By Teresa Ambord
Senior Wire 

Keep your eyes open for abuse during the holidays


It’s not a very holiday-like subject, but if you seldom see your older relatives except at Thanksgiving and Christmas, it’s an important time to be alert for signs of elder abuse. Not that you should necessarily talk about it, but keep your eyes open for obvious and for subtle signs of problems. For example, does Uncle Edward have bruises on his arms he can’t explain? It’s often true that seniors bruise easily, but it doesn’t hurt to ask him about it. Does he seem nervous about answering? If so, do what you can to get to the bottom of it.

The Department of Justice (DOJ) says that elder abuse is much more common than we’d like to think. Among Americans 60 years old and up, at least one in nine has been abused in some way in the last year. And:

• Of those who are abused, more than half generally are afraid to report it and observers are reluctant to step in. For example a neighbor may overhear a caregiver yelling at your mother,

but decide it’s none of his or her business.

• While unscrupulous strangers can certainly mistreat seniors if they get the chance, in nine out of 10 cases the abused senior knows the abuser.

• Very often the abuser is a family member, and in two out of three cases, the abuser is the spouse or the adult child of the victim.

Financial abuse

The most common form of elder abuse is financial. Each year, at least $2.6 billion is pilfered from seniors in various schemes and scams, from family, acquaintances, caregivers, and strangers. While you are visiting your elder relatives during the holidays, you might ask casually if they are doing okay financially. Never mention the word “abuse,” says the National Center of Elder Abuse, but instead ask discreet questions. For example, “Is there anything you need help with, such as housekeeping, doctor appointments, money management?” “Are you able to keep up with your bills or is it difficult to remember to send checks out every month?” That may open the topic up so the elder can tell you if there are problems.

If you can do it without being intrusive, watch for signs like these:

• Stacks of unopened bills or mail that appears to be past due notices, like a utility bill in a thin pink envelope or marked “final notice” or “urgent.”

• Bank notices of bounced checks and/or

• Large withdrawals from bank accounts.

• Mentions of missing money, as in “I don’t know where my money went this month.”

A great resource in detecting elder financial abuse is often the bank tellers where your relative banks. They are trained to watch for signs of coercion. For example, if your elderly aunt has a caregiver who is pilfering money from her, the caregiver may accompany your aunt to the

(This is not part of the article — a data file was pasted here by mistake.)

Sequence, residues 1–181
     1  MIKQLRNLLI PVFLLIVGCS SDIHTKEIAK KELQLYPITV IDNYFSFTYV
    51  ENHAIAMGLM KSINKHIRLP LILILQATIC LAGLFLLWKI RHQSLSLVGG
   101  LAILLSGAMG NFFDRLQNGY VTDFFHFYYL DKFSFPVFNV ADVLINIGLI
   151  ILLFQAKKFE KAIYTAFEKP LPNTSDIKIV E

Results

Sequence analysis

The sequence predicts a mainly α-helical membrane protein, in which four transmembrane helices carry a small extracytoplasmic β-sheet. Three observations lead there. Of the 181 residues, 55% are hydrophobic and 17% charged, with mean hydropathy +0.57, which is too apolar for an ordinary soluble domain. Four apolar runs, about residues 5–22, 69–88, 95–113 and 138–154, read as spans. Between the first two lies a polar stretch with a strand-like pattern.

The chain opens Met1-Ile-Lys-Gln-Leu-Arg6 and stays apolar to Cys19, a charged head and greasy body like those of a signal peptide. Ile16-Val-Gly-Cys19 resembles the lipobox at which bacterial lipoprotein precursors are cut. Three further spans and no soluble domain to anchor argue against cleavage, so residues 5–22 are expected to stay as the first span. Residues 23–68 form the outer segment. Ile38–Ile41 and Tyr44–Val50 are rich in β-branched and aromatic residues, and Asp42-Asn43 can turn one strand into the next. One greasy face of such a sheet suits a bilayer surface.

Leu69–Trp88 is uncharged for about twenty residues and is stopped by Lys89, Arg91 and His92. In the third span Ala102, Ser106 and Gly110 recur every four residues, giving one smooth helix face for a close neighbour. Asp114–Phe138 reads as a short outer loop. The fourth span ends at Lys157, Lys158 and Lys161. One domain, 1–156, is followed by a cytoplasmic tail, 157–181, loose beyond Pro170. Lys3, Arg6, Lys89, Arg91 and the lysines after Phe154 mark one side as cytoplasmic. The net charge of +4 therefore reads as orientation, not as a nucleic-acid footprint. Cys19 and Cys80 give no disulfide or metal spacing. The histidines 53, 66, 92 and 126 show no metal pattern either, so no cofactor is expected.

bank. Tellers notice when the elder seems nervous, when there are uncharacteristic withdrawals, and when checks start bouncing. Note: if you haven’t already done so, find out about being listed as a contact person on your relative’s bank account in case of concerns.

Who are the abusers and the victims?

A MetLife study of elder financial abuse (done in 2010) showed the most likely age group to be victimized is 80 to 89 years old. Are your elder relatives in that category?

Profiles of perpetrators from the same study shows that among male perpetrators, most were in the 40 to 59 year old age group. Among females, most perps were 30 to 39. They may or may not be related to the victim. Take some time to consider if anybody in those age ranges is in contact with your elderly loved ones. If so, how well do you know these people? Is there reason for concern?

The scammers who can do the most damage, financially and emotionally, are the ones who target lonely seniors and “befriend” them. The senior trusts the scammer and feels he or she can help. That’s when the money begins to slip out of Aunt Irma’s bank account and is gone forever. That’s why it’s critical to stay in touch with elderly relatives.

Note: Check out your parents’ “friends” carefully, but also realize not everyone is a scammer. Personally I’ve had several friends and neighbors who were 20 to 35 years older than me, who I spent time with because I knew they were lonely. In one case, I dropped in on a neighbor to find that her house reeked of gas from her stove, but she smelled nothing. I got her and her dog outside and got emergency help.

Because I have no ulterior motives, when I make friends with an older person I let their families know who I am and how to reach me. If your parents have friends that aren’t transparent with you, find out why.


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